We have studied accretion of the dark matter and dark energy onto of $(n+2)$-dimensional Schwarzschild black hole and Morris-Thorne wormhole. The mass and the rate of change of mass for $(n+2)$-dimensional Schwarzschild black hole and Morris-Thorne wormhole have been found. We have assumed some candidates of dark energy like holographic dark energy, new agegraphic dark energy, quintessence, tachyon, DBI-essence, etc. The black hole mass and the wormhole mass have been calculated in term of redshift when dark matter and above types of dark energies accrete onto them separately. We have shown that the black hole mass increases and wormhole mass decreases for holographic dark energy, new agegraphic dark energy, quintessence, tachyon accretion and the slope of increasing/decreasing of mass sensitively depends on the dimension. But for DBI-essence accretion, the black hole mass first increases and then decreases and the wormhole mass first decreases and then increases and the slope of increasing/decreasing of mass...

Debnath, Ujjal

2015-01-01T23:59:59.000Z

373

Accretions of Dark Matter and Dark Energy onto ($n+2$)-dimensional Schwarzschild Black Hole and Morris-Thorne Wormhole  

E-Print Network [OSTI]

We have studied accretion of the dark matter and dark energy onto of $(n+2)$-dimensional Schwarzschild black hole and Morris-Thorne wormhole. The mass and the rate of change of mass for $(n+2)$-dimensional Schwarzschild black hole and Morris-Thorne wormhole have been found. We have assumed some candidates of dark energy like holographic dark energy, new agegraphic dark energy, quintessence, tachyon, DBI-essence, etc. The black hole mass and the wormhole mass have been calculated in term of redshift when dark matter and above types of dark energies accrete onto them separately. We have shown that the black hole mass increases and wormhole mass decreases for holographic dark energy, new agegraphic dark energy, quintessence, tachyon accretion and the slope of increasing/decreasing of mass sensitively depends on the dimension. But for DBI-essence accretion, the black hole mass first increases and then decreases and the wormhole mass first decreases and then increases and the slope of increasing/decreasing of mass not sensitively depends on the dimension.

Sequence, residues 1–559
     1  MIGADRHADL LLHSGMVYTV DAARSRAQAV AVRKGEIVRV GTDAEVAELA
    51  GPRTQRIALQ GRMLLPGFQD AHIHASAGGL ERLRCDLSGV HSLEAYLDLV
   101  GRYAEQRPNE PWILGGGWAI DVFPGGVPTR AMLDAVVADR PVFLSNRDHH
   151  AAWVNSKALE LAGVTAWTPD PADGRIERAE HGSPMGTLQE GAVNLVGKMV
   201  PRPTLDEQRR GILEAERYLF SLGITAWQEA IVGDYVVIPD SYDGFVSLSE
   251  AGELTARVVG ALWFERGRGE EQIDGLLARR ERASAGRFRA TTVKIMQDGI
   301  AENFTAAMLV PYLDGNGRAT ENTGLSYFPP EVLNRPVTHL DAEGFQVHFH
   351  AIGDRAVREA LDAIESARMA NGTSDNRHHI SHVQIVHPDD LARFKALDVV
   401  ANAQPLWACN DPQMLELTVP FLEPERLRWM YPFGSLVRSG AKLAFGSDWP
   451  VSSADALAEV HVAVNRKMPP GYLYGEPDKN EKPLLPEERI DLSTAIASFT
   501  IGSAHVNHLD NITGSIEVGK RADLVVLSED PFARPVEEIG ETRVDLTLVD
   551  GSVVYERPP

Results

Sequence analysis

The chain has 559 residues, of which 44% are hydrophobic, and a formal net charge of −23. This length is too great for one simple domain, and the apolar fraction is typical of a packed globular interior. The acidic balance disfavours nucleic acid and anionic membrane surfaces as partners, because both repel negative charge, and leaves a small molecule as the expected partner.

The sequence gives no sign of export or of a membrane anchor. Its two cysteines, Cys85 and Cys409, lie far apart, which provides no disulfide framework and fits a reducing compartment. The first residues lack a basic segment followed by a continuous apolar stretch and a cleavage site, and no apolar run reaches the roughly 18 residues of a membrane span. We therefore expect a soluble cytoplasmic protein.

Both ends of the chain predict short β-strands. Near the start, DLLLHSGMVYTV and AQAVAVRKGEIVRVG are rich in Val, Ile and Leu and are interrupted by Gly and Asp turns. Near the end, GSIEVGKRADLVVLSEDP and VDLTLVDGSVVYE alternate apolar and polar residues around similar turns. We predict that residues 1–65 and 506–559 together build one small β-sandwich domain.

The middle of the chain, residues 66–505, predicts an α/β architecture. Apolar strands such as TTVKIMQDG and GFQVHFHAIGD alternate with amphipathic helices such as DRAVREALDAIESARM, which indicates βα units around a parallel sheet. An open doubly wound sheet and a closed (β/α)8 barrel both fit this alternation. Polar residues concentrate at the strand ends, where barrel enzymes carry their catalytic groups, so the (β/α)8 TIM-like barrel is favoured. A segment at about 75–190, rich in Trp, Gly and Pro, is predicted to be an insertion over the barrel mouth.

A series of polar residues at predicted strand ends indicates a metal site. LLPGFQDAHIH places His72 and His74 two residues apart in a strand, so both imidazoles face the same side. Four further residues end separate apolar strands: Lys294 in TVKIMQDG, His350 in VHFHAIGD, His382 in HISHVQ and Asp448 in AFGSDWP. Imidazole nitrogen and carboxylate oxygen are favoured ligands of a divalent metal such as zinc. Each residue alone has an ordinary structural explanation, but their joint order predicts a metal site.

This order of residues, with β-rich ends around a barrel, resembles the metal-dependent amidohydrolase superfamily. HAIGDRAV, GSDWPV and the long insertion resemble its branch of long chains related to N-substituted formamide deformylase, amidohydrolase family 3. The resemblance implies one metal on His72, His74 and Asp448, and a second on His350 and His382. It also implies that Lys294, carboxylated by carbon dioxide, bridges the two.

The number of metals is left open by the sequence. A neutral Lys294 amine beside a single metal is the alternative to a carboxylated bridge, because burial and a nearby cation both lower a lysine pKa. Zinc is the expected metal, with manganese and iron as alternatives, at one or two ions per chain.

Ujjal Debnath

2015-02-08T23:59:59.000Z

374

Accretions of Dark Matter and Dark Energy onto ($n+2$)-dimensional Schwarzschild Black Hole and Morris-Thorne Wormhole  

E-Print Network [OSTI]

We have studied accretion of the dark matter and dark energy onto of $(n+2)$-dimensional Schwarzschild black hole and Morris-Thorne wormhole. The mass and the rate of change of mass for $(n+2)$-dimensional Schwarzschild black hole and Morris-Thorne wormhole have been found. We have assumed some candidates of dark energy like holographic dark energy, new agegraphic dark energy, quintessence, tachyon, DBI-essence, etc. The black hole mass and the wormhole mass have been calculated in term of redshift when dark matter and above types of dark energies accrete onto them separately. We have shown that the black hole mass increases and wormhole mass decreases for holographic dark energy, new agegraphic dark energy, quintessence, tachyon accretion and the slope of increasing/decreasing of mass sensitively depends on the dimension. But for DBI-essence accretion, the black hole mass first increases and then decreases and the wormhole mass first decreases and then increases and the slope of increasing/decreasing of mass not sensitively depends on the dimension.